Red Sox logo (upside down to show how terrible they are)Unfortunately I have to go off-topic again, and once again, it’s about the Boston Red Sox. So I must once more ask your indulgence, Dear Reader.

In September of last year, the inept denizens of Fenway Park racked up a record-breakingly horrific 7-20 record. That was after having failed to get into the playoffs in 2010, and after a truly dismal April 2011.

For a team that went through the most catastrophic collapse in major-league sports history, they seem awfully oblivious to how devastatingly awful they are. Despite having a new manager, Bobby Valentine, and a new general manager, Ben Cherington, most of the same old characters who participated in last year’s collapse are still with the team. So one would think, by now, that they’d be tired of being as pitiful as they are.

But they’re not. They remain a team in denial of their entrenched mediocrity. And they don’t seem capable of changing their minds on the matter.

The Red Sox have been in decline since the end of 2009, when they shamefully flamed out of the ALDS. They haven’t made a playoff appearance since. And it certainly doesn’t look as though they will this season, either. As of this morning, their 2012 record is a pathetic 12-18. They’re not even close to reaching that famed boundary of mediocrity, the .500 mark. Most Boston fans and the Boston sports media are also largely oblivious to the fact that the Red Sox have been in decline for over 2 years. They don’t seem to care. Wins don’t matter to them, nor does getting into the playoffs. I’m not sure why this is the case, but it is. Fenway Park continues to be packed, and the sports media keep reporting on the Red Sox as though they’re suddenly going to become contenders, at any moment.

As I’ve noted last year, the team’s lack of performance — aside from a couple individuals who are doing well — is across the board. Pitching is bad, hitting is lackluster (especially clutch hitting), and despite having a number of Gold Glove winners on the team, the fielding isn’t that great either. There isn’t any single weak point, and no easy explanation for the team’s long, slow, 2-year-plus decline.

I hadn’t planned even to comment on the Red Sox — I haven’t watched very much of their games and had no interest in following them too closely — but yesterday, a news story came out that really was just too much to take. Because he’d complained of a lat strain earlier last week, supposed “ace” Josh Beckett was told he could skip his scheduled start last Saturday. But what did he do, shortly after getting this news? Why, on Thursday, as WBZ-FM the Sports Hub in Boston reports, he went and played a round of golf (cached):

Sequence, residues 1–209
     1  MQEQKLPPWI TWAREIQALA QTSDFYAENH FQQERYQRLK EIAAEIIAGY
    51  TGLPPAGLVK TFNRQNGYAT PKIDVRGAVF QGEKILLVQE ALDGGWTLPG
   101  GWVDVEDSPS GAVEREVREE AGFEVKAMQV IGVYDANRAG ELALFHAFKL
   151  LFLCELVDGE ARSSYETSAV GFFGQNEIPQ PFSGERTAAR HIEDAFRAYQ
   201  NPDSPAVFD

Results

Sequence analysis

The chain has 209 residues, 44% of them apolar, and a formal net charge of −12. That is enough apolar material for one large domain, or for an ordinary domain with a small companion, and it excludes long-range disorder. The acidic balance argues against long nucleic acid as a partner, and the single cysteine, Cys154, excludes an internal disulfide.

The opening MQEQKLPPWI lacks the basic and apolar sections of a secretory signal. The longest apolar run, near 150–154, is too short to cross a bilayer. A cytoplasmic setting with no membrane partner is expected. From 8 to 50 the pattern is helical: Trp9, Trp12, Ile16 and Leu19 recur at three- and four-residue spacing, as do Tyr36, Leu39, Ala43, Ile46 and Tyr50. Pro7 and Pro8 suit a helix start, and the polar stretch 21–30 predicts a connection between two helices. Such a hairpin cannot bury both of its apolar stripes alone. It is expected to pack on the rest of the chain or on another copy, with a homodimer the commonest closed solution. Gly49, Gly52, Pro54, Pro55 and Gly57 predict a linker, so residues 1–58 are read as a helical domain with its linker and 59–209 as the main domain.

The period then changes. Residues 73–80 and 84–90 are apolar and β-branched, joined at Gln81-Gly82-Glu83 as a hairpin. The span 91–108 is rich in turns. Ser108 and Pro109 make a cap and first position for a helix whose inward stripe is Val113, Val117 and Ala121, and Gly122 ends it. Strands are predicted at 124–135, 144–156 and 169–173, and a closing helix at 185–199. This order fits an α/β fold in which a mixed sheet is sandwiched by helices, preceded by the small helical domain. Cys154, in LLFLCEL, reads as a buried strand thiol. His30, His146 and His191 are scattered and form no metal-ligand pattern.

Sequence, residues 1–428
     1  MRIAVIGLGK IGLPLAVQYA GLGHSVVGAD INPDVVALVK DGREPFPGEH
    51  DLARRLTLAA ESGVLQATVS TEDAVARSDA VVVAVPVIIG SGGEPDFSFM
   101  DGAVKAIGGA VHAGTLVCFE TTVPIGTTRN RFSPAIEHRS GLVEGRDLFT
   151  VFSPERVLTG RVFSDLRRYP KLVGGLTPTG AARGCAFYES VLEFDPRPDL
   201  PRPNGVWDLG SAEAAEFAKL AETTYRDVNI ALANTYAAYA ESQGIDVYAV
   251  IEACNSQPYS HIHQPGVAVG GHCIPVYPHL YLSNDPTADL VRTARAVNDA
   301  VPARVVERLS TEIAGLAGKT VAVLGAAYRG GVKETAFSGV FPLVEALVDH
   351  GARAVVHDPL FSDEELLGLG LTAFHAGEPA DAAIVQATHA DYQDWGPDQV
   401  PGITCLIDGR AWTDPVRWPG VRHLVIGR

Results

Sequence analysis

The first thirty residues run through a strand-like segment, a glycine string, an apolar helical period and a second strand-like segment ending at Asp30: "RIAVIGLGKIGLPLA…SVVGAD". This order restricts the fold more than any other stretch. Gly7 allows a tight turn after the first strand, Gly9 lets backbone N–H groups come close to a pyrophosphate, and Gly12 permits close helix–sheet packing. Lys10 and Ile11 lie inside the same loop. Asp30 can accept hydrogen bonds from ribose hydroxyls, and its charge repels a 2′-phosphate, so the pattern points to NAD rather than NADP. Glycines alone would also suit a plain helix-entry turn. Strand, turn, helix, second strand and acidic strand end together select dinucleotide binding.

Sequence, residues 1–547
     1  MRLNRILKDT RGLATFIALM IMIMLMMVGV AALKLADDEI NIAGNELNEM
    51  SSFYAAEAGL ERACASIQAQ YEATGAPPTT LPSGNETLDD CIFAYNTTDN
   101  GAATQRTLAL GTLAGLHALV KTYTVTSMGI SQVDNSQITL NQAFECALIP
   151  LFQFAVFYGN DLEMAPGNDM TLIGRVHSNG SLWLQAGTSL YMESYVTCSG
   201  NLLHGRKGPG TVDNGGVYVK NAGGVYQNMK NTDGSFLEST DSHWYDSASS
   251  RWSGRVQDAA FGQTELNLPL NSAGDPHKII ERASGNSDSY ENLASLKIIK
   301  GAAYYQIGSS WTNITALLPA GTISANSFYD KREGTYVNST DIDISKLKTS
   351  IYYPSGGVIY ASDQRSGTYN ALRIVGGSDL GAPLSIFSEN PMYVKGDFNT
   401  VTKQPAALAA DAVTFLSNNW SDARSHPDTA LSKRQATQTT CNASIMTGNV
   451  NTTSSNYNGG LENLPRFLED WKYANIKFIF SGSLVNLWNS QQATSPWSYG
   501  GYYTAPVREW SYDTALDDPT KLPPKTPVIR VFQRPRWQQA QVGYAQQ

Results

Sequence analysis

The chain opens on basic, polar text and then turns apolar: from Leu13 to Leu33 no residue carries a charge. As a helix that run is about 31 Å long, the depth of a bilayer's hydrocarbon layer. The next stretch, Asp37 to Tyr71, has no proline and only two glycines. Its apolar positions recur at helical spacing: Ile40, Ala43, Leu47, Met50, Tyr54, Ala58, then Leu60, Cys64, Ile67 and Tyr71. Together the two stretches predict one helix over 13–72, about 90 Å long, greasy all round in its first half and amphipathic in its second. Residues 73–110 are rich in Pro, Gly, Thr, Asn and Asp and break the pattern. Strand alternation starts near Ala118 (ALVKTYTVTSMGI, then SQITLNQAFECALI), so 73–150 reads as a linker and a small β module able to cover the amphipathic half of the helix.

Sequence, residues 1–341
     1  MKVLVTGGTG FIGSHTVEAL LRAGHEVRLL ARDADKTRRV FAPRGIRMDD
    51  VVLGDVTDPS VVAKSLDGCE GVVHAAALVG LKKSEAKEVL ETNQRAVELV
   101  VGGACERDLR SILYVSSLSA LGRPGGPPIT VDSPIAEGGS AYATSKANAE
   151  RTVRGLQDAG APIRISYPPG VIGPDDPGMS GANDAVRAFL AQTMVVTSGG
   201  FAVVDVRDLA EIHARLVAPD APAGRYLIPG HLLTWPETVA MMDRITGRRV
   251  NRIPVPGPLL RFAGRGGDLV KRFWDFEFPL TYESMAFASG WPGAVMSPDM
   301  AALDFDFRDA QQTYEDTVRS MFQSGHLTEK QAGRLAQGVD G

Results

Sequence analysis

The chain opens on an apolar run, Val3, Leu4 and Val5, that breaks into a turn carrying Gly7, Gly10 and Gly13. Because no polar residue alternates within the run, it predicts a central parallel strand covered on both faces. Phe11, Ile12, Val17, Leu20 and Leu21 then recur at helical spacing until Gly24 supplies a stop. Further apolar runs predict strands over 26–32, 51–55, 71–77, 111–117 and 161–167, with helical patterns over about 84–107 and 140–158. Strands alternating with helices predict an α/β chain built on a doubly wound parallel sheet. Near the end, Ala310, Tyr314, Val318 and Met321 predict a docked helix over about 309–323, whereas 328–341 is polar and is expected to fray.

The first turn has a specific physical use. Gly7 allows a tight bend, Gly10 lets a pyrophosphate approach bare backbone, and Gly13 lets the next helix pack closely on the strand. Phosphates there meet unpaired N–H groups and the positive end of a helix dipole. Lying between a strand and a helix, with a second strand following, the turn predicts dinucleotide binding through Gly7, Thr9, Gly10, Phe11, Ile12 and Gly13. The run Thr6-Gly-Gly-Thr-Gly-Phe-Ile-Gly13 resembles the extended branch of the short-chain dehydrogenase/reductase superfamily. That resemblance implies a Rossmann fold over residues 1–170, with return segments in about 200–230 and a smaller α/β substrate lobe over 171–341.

… 98.5 The Sports Hub’s Hardy learned that Beckett wasn’t exactly resting with those injuries. Instead, the Red Sox’ injured hurler was out on the golf course.

Hardy reported that Beckett and Clay Buchholz were golfing in the area on Thursday, just days before Beckett’s skipped start.

Unbefuckinglievable! Not only did Beckett pull this off — apparently heedless of how bad it looked — but teammate Buchholz went along with it … literally. Neither is commenting at all. There has been no coverage of this issue at the Red Sox’ house organ, NESN, either. In fact, the team as a whole seems not to care one iota (cached). When two players decide this is acceptable behavior, folks, that tells me we have a problem. When the rest of the team yawns over it, it’s even worse. And it’s complicated by the fact that last year’s cataclysmic end-of-season collapse ought to have made clear — to Beckett, Buchholz, and the rest of the team — that this sort of bullshit behavior just can’t be tolerated any longer.

That’s not to say that nothing good has come from the Red Sox in the last couple of years. For example, outfielder Jacoby Ellsbury — who unfortunately is injured at the moment — had a stellar year in 2011, defying the rest of the team’s ineptitude and lackadaisical play. There have been a few other standout performances. They just haven’t been able to compensate for the rest of the team’s decay.